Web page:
Before There Was Central Park, There Was Green-Wood Cemetery
While few New Yorker’s today take Central Park for granted, there was a time in the city’s history that open spaces where nature could be enjoyed unimpeded by noise and pollution were scarce.
The great public parks which we enjoy today did not come into existence until the late 1850’s with the creation of Central Park followed by Brooklyn’s Prospect Park in 1867. From the 1840s until the 1860s, the rural cemetery was the place to go if a New Yorker or visitor wanted to experience rolling hills, plains, lakes, fabulous artworks and stroll peacefully while contemplating life.
The oldest of these rural cemeteries in New York City is Brooklyn’s Green-Wood Cemetery which was founded in 1838.
Green-Wood itself put out its own tour book soon after its creation to give visitors what they called “the tour.”
What could you expect when you got there besides mausoleums and tombstones?
Nature in abundance.
To give you an idea of how popular it was to visit Green-Wood, this section of Appleton’s New York City and Vicinity Guide by W. Williams, published by D. Appleton and Co. (1849) extols some of Green-wood’s virtues:
Greenwood Cemetery is in the s. part of Brooklyn, at Gowanus, about three miles from the Fulton Ferry, at which place visitors take the stages, which leave hourly, for the Cemetery. Fare 12 cents. Another way to Greenwood is by the new ferry at Whitehall, which lands its passengers in the vicinity of the Cemetery, on a pier of great length jutting out from the shore: carriages run from the landing-place to the Cemetery, carrying passengers at a trifling charge.
This Cemetery was incorporated m 1838, and contains 242 acres of ground, about one-half of which is covered with wood of a natural growth. It originally contained 172 acres, but recently 70 more have been added by purchase, and brought within the enclosure.
Free entrance is allowed to persons on foot during week-days, but on the Sabbath none but proprietors of lots and their families, and persons with them, are admitted; others than proprietors can obtain a permit for carriages on week-days. These grounds have a varied surface of hills, valleys, and plains. The elevations afford extensive views; that from Ocean Hill, near the western line, presents a wide range of the ocean, with a portion of Long Island. Battle Hill, in the N. W., commands an extensive view of the cities of Brooklyn and New York, the Hudson river, the noble bay, and of New Jersey and Staten Island. From the other elevated grounds in the Cemetery there are fine prospects. Greenwood is traversed by winding avenues and paths, which afford visitors an opportunity of seeing this extensive Cemetery, if sufficient time is taken for the purpose. Several of the monuments, original in their design, are very beautiful, and cannot fail to attract the notice of strangers. Those of the Iowa Indian princess, Do-hum-me, and the ” mad poet,” McDonald Clarke, near the Sylvan “Water, are admirable.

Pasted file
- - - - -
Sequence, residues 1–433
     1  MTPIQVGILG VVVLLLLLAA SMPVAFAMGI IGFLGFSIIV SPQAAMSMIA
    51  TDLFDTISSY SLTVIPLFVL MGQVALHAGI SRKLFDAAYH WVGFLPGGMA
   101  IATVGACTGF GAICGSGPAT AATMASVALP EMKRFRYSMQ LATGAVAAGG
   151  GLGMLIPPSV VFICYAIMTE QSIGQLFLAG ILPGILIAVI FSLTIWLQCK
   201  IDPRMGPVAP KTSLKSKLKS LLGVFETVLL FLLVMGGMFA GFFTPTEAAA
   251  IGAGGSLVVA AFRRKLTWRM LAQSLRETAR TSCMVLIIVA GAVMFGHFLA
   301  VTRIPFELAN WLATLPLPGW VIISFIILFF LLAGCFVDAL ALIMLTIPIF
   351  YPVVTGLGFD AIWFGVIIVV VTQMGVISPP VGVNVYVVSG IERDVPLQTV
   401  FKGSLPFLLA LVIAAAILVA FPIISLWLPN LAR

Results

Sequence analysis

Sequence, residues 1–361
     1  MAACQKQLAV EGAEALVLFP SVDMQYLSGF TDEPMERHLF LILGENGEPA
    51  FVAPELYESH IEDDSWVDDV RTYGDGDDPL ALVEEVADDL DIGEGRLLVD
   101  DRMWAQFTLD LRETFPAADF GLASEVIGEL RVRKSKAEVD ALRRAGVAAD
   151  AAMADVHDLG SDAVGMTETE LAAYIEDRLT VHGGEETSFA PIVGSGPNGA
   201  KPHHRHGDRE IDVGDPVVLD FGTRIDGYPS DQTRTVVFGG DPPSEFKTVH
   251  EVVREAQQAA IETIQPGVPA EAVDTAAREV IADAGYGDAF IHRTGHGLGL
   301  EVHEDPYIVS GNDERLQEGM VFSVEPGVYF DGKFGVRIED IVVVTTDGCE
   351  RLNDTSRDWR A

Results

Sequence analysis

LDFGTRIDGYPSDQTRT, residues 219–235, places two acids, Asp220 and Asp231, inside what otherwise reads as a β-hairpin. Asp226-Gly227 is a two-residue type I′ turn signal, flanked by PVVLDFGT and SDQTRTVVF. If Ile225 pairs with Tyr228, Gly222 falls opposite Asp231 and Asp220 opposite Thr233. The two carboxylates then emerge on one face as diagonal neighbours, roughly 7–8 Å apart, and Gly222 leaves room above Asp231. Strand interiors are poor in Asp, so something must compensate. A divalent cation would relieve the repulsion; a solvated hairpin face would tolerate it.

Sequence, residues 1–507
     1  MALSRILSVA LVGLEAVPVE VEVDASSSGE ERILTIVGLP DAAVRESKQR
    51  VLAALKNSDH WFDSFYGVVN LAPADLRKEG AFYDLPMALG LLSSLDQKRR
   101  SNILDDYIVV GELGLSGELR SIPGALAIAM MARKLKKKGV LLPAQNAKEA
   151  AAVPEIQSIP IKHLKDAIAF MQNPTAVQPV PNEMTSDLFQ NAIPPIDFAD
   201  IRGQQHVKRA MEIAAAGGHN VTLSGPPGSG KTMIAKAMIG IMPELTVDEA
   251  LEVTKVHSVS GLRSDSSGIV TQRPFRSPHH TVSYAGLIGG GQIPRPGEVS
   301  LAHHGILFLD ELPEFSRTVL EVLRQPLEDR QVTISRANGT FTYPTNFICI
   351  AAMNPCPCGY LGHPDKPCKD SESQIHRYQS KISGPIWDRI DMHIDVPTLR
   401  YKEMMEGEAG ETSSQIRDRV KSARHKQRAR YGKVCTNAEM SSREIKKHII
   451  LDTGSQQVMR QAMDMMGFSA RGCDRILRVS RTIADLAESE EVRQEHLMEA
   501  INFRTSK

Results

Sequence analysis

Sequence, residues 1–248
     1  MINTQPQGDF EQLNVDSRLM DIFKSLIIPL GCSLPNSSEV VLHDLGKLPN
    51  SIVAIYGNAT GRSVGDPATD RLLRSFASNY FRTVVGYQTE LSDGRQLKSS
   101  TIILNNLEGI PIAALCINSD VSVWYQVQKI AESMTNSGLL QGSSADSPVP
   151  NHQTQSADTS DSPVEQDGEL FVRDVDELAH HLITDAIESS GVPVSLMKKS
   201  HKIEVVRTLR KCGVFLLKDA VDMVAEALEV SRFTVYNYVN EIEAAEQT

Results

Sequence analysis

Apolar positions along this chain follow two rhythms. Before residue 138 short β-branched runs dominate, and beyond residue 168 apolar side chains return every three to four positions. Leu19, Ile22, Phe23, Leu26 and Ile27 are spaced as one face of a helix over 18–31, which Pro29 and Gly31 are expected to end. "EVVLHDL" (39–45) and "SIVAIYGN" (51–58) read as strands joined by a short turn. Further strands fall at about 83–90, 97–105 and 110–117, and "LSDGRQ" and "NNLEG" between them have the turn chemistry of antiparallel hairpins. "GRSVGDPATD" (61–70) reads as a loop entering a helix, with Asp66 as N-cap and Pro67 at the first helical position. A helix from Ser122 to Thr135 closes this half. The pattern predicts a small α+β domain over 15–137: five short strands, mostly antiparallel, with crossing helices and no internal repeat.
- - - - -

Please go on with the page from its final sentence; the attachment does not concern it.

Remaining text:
Visitors by keeping the main avenue, called The Tour, as indicated by guide-boards, will obtain the best general view of the Cemetery, and will be able again to reach the entrance without difficulty. Unless this caution be observed, they may find themselves at a loss to discover their way out. By paying a little attention, however, to the grounds and guide-boards, they will soon be able to take other avenues, many of which pass through grounds of peculiar interest and beauty.
” In Greenwood, are quiet dells, nestling little lakes in their bosoms, shaded by locusts and willows from the sun, made cool by the sea breezes, and musical by the songs of birds; or you may loiter in a village of graves, as it were, with hundreds of visitors, like yourself, poring over sculptured tokens of affection,”
These delightful grounds now attract much attention, and have already become a place of great resort, and they will continue yearly to attract additional crowds of visitors, as their beauties become more generally known, and the ties more extended that bind many in the surrounding country and neighboring cities, to the once-loved — not, to the eyes of Faith and Affection, dead, but sleeping — forms of those who lie in this beautiful resting-place of the departed.
Over the years Green-Wood Cemetery expanded to 478 acres. But after the opening of Central Park and Prospect Park, visits for leisurely strolls through the cemetery began to decline in popularity. Still, into the late 19th century the New York guide books still promoted Green-Wood, Cypress Hills, Woodlawn, Moravian, and the Evergreens as rural cemeteries to visit.
Today there are nearly 600,000 people interred at Green-Wood. Relatively few people visit with the exception of relatives of the deceased. That is a mistake, as Green-Wood remains a treasure that 99.9% of tourists fail to see and few New Yorker’s even know about. The cemetery itself has changed since the 1849 tour book description, it is far more crowded with burials and some of the views have vanished with real estate development. But Green-Wood remains a serene place to visit, view sculpture, take in nature and contemplate life… and death.